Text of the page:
Mexico’s government said that its National Civil Aviation Authority will carry out an operational audit of Damojh airlines.
UNITED STATES.- The Mexican charter company whose 39-year-old plane crashed in Havana had been the subject of two serious complaints about its crews’ performance over the last decade, according to authorities in Guyana and a retired pilot for Cuba’s national airline.
Mexico’s government said late Saturday that its National Civil Aviation Authority will carry out an operational audit of Damojh airlines to see if its “current operating conditions continue meeting regulations” and to help collect information for the investigation into Friday’s crash in Cuba that left 110 dead.
The plane that crashed, a Boeing 737, was barred from Guyanese airspace last year after authorities discovered that its crew had been allowing dangerous overloading of luggage on flights to Cuba, Guyanese Civil Aviation Director Capt. Egbert Field told The Associated Press on Saturday.
The plane and crew were being rented from Mexico City-based Damojh by EasySky, a Honduras-based low-cost airline. Cuba’s national carrier, Cubana de Aviacion, was also renting the plane and crew in a similar arrangement known as a “wet lease” before the aircraft veered on takeoff to the eastern.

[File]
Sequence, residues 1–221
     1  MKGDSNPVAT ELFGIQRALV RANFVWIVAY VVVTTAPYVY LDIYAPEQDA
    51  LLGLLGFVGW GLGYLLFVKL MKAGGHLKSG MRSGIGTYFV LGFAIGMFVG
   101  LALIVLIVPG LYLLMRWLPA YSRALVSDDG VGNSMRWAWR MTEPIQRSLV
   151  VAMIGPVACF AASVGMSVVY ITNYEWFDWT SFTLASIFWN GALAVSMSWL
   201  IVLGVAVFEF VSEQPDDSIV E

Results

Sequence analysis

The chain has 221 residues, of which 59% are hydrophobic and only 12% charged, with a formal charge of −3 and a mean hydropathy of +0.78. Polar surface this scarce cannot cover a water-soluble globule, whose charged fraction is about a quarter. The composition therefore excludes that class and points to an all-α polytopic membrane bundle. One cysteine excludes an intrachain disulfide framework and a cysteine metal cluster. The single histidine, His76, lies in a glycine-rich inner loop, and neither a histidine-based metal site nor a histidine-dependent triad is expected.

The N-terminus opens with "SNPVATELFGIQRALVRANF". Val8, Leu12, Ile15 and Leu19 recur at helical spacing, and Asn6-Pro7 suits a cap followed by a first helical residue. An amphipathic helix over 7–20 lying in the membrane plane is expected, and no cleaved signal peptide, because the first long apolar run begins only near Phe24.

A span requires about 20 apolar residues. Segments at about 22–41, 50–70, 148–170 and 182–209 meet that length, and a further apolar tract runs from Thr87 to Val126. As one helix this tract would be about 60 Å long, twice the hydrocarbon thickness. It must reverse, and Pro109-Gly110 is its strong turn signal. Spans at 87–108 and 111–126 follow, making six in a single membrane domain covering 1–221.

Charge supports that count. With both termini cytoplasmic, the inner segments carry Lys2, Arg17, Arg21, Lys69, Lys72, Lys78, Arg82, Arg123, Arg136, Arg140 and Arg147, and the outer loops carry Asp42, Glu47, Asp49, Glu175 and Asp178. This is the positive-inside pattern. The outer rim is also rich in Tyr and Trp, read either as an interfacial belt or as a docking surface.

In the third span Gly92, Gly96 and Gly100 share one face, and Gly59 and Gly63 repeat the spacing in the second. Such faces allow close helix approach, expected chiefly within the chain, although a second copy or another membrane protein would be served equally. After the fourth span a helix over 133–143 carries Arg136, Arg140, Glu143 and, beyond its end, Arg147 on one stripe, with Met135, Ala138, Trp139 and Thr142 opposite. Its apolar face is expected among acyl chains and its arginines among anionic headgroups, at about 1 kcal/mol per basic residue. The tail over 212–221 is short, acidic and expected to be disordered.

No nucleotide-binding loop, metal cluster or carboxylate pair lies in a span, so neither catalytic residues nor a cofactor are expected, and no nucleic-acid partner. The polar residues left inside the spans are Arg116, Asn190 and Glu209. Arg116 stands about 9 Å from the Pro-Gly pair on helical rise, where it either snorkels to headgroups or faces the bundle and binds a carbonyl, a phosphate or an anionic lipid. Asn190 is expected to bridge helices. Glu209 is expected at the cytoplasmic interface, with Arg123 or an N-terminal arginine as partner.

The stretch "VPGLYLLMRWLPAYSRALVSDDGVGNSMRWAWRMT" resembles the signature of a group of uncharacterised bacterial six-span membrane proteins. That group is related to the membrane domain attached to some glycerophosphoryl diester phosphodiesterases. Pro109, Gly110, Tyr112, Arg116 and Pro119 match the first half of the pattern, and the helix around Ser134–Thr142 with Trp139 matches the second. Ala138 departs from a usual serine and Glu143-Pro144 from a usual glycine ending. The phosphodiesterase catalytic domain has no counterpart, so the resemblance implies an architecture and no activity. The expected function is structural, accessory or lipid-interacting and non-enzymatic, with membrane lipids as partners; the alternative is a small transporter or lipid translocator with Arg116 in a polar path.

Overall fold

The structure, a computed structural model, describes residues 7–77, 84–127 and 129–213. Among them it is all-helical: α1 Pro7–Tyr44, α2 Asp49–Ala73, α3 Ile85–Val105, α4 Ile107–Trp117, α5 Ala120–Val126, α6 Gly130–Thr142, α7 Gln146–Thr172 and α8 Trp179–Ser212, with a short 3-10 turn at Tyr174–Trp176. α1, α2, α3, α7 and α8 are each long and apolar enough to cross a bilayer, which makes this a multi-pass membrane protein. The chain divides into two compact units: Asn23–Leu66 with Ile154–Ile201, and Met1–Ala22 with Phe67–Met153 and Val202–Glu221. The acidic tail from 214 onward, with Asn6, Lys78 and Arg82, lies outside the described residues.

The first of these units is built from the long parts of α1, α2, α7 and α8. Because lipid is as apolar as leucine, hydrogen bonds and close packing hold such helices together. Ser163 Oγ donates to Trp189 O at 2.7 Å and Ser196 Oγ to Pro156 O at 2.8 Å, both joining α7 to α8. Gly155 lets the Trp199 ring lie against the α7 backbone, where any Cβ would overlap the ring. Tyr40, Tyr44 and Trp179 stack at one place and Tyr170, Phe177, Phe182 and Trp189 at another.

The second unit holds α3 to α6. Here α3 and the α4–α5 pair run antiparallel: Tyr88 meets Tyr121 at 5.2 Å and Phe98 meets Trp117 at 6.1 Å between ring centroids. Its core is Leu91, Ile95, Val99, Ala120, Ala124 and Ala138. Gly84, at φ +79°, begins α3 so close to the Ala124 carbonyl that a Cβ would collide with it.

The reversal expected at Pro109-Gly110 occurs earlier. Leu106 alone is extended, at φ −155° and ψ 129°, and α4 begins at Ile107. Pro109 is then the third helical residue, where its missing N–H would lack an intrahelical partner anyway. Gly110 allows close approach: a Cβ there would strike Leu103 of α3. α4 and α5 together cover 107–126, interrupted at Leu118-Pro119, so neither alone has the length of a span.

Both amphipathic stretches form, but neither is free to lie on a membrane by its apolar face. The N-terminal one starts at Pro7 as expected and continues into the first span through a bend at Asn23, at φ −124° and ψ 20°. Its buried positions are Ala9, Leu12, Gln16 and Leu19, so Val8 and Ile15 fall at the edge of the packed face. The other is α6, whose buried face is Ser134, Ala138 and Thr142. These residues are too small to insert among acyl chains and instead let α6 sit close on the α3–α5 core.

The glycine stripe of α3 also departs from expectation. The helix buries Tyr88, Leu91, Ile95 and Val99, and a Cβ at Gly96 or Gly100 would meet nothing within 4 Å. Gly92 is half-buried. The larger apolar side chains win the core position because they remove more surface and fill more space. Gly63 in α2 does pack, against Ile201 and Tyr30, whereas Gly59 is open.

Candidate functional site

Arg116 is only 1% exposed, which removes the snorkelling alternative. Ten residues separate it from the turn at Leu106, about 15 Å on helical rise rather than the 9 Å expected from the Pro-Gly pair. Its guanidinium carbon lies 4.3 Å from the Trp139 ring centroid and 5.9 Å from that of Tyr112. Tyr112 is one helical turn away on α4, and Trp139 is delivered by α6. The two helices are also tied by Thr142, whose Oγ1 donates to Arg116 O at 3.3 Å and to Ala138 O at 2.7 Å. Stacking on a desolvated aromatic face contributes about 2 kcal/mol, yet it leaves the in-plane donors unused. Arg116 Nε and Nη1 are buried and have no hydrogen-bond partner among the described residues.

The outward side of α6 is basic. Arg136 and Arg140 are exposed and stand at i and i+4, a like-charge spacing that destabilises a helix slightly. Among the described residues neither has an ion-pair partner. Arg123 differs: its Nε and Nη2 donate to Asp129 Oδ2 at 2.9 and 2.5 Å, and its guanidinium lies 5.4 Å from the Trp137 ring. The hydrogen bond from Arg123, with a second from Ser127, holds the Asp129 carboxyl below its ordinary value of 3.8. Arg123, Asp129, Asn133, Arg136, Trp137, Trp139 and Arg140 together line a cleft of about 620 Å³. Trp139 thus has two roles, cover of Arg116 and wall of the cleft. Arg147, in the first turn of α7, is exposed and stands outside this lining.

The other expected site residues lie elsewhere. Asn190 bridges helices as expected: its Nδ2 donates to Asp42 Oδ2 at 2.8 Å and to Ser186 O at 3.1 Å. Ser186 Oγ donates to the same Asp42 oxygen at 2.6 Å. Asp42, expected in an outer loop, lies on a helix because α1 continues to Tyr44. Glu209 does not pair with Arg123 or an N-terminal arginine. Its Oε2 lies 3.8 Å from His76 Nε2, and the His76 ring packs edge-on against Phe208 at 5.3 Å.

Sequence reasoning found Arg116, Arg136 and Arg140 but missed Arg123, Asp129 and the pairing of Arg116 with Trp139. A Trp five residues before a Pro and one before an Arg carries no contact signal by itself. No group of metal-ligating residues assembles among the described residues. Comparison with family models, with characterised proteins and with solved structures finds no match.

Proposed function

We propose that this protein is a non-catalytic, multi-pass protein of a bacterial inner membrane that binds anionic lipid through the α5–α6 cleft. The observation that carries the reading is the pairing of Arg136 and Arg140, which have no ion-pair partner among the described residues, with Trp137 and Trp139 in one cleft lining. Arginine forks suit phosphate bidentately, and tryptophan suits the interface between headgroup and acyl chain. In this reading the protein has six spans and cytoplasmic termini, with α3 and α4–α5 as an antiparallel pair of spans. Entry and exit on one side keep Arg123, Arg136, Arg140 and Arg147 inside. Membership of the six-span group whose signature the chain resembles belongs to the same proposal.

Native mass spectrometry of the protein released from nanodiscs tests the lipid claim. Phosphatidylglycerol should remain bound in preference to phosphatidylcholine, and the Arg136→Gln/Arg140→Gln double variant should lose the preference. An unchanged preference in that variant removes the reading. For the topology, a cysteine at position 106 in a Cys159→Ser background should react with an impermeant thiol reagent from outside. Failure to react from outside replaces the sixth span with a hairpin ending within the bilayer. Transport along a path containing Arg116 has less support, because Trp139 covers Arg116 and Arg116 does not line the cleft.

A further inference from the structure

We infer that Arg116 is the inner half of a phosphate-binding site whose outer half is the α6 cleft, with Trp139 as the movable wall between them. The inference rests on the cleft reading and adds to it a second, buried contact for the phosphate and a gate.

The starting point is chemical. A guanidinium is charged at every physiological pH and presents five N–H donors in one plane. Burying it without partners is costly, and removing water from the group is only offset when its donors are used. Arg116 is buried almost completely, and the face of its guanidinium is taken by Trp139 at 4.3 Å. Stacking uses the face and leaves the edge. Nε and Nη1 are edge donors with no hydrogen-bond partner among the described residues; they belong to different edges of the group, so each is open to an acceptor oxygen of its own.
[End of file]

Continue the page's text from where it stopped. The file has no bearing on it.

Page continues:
A Damojh employee in Mexico City declined to comment, saying the company would be communicating only through written statements. Mexican authorities said Damojh had permits needed to lease its aircraft and had passed a November 2017 verification of its maintenance program. They announced a new audit late Saturday.
Cuban Transportation Minister Adel Yzquierdo Rodriguez told reporters Saturday afternoon that Cubana had been renting the plane for less than a month under an arrangement in which the Mexican company was entirely responsible for maintenance of the aircraft. Armando Daniel Lopez, president of Cuba’s Institute of Civil Aviation, told the AP that Cuban authorities had not received any complaints about the plane in that month. He declined to comment further.